Creed shouldn’t work. As an extension of the Rocky series, which found the 1976 Best Picture Oscar winner followed by a series of increasingly bad sequels until 2006’s Rocky Balboa let the series go out on a high, this new film’s focus on the previously unmentioned illegitimate son of Apollo Creed could be dismissed as a cynical move in an era of making every hit into a “universe.” And yet, Creed doesn’t just hit certain marks to identify it as a Rocky film – it’s the first film to feel like an actual successor to Rocky.
The film opens with a prologue in a juvenile detention hall, where two kids are fighting in a room. The scrappier of the two is young Adonis Johnson, who is the product of an extramarital affair his since-deceased mother had with Apollo Creed. Adonis was born after Apollo’s death in a boxing match (as seen in Rocky IV). After this incident, the latest in a series of violent outbursts, Adonis is taken in by Apollo’s widow, Mary Anne (Phylicia Rashad). Mary Anne treats Adonis (Michael B. Jordan as an adult) as one of her own children, which affords Adonis with an affluent lifestyle in Los Angeles and positioning for a cushy corporate job. But the kid who would take on other kids larger than him still needs to fight, and Adonis wants to channel it into the boxing ring, just like his father.
As Mary Anne is quick to point out, the life of a boxer isn’t glamorous, and many of the fighters get into the game in part because they have a financial disadvantage Adonis was able to avoid. The film underlines this bit of class difference as Adonis winning a fight in Tijuana abruptly cuts to Adonis wearing a nice shirt and tie behind a desk in an office. Mary Anne’s concern doesn’t deter Adonis, though. Determined to pursue his dreams, and finding it impossible to find a trainer in Los Angeles, Adonis quits his job and moves to Philadelphia, where he hopes to coax his father’s opponent-turned-friend, Rocky (Sylvester Stallone), into training him. The two slowly begin to teach each other both in and out of the ring. Adonis also strikes up a relationship with his neighbor Bianca (Tessa Thompson), a talented musician who’s beginning to go deaf.
The relationship between Adonis and Rocky quickly becomes the heart of the film, and it tells a lot about both men in the process. Adonis has two clear motives in the film, and they’re distinct: he wants to build a reputation on his own record, but he also wants his trainer to be a man with a direct connection to his father in a way he’s never known. Adonis clearly longs for a connection to Apollo, but also wants to keep his legacy at a distance, and Adonis is clearly intent on having it both ways. It shows in the way his presence dominates the ring, and in the way he’s able to let his guard down around Rocky.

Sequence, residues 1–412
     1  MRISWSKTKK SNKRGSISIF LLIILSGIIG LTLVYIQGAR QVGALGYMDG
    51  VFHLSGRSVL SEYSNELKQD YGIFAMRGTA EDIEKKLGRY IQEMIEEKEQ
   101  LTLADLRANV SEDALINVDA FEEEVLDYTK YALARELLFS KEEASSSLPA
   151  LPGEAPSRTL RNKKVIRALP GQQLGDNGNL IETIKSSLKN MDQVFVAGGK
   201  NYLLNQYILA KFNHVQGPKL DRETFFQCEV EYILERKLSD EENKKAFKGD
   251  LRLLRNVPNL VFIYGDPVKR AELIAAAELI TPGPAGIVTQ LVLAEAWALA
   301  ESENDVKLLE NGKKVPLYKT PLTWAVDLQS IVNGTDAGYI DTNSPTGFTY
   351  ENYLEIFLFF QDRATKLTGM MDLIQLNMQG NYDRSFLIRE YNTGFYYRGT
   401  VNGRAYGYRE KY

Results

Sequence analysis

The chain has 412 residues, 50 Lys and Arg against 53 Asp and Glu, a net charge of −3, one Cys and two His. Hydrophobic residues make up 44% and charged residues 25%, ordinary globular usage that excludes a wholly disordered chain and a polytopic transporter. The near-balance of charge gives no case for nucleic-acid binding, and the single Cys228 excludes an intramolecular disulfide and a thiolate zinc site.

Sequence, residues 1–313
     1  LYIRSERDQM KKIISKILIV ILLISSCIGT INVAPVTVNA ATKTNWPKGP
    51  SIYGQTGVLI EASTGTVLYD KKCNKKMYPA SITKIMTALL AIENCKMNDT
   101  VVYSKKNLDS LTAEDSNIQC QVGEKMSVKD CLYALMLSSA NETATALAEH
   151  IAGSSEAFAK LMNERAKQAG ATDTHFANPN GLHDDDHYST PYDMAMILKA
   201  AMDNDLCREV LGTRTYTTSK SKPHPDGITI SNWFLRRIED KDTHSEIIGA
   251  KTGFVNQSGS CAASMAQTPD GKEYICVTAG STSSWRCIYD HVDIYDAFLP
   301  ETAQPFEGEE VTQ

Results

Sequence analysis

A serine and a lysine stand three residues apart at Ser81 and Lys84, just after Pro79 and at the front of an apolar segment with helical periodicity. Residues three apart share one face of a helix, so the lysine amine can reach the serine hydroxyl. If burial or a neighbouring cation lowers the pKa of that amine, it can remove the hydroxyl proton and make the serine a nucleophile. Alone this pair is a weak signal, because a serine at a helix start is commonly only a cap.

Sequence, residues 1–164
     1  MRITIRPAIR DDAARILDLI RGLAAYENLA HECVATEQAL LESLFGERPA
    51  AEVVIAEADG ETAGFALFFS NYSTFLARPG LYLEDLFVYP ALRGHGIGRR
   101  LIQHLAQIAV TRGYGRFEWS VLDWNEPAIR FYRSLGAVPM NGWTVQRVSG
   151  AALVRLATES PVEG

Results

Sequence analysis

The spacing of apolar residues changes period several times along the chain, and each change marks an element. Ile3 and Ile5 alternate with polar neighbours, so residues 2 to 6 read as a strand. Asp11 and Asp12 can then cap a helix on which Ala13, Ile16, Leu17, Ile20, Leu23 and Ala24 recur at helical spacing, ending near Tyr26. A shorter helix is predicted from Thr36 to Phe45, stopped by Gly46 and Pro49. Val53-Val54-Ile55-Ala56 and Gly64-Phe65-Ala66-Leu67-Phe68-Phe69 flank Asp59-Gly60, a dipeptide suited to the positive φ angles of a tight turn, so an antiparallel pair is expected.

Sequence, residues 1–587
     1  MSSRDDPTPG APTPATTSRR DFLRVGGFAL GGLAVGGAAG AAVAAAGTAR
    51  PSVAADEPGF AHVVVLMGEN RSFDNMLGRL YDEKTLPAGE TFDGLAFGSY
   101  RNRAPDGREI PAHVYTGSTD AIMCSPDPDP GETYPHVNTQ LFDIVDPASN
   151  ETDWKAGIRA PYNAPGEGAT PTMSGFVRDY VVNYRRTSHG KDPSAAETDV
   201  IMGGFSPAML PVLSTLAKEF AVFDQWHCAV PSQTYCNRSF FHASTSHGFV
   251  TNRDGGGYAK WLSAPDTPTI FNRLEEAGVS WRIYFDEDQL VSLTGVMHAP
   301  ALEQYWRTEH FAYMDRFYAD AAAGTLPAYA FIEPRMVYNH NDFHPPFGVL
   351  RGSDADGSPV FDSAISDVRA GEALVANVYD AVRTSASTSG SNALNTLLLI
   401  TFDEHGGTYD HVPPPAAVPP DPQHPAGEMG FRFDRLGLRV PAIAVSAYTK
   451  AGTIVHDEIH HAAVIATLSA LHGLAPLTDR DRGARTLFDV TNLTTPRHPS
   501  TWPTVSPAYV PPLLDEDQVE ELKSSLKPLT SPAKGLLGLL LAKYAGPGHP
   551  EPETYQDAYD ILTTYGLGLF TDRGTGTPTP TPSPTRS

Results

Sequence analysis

For Rocky, it’s about taking a compassionate man and putting him into a new role. Rocky is reluctant to take Adonis on, because he doesn’t view himself as a trainer. It’s clear from his reputation around Philadelphia that plenty of fighters want Rocky to train them, but Adonis offers Rocky something he needs. Rocky’s beloved Adrian and brother-in-law Paulie are both dead, and his son has moved away. Rocky is a lonely man without a family, and Adonis provides Rocky with a chance to make a connection.
As Adonis bonds with Rocky, his relationship with Bianca also grows. While it’s a definite subplot for the film, it’s unusually strong. Adonis’ relationship with Bianca gives him a love interest who understands pursuing a dream that could end tragically, and watching their relationship grow as they encounter ways their paths will be similar and different creates something unique.
These relationships are bolstered by strong performances from Jordan, Thompson and Stallone. Jordan continues to impress as an actor, and he wisely avoids emulating Rocky or Apollo. He digs into the character, with all of Adonis’ issues, while still making him incredibly likable. Thompson pairs nicely with Jordan, and there’s a confidence to her performance that makes it clear why Adonis is quickly smitten with Bianca. As for Stallone, his performance here ranks up with his first turn as Rocky as the best work that Stallone’s done as an actor. While Rocky is still recognizably Rocky, Stallone manages to create a far more moving take on the character than the Rocky sequels provided.
Also deserving of credit is writer/director Ryan Coogler. Coogler broke through with Jordan on their previous collaboration, Fruitvale Station, and their follow-up proves that film wasn’t a fluke. He takes ownership of this series, tapping into the spirit of the first film while making Creed distinctively its own film. Visually, it’s a far more impressive effort than the series has shown before, and it’s highlighted by two matches. The second one relies on effective editing, which creates a terrific build, but the first match is astonishing: it’s shot to appear as a single take of a brutal fight. It’s a breathtaking approach to a fight that I can’t recall ever seeing used in a boxing film before.
Creed may be the seventh film in the Rocky universe, but it’s learned from those films what aspects work best and incorporated them into something surprising. It’s a fresh story with a new protagonist every bit as compelling as Rocky himself. It is, by far, the best possible outcome for this type of film, and it should be a model to any other long-dormant series looking for a reboot or continuation.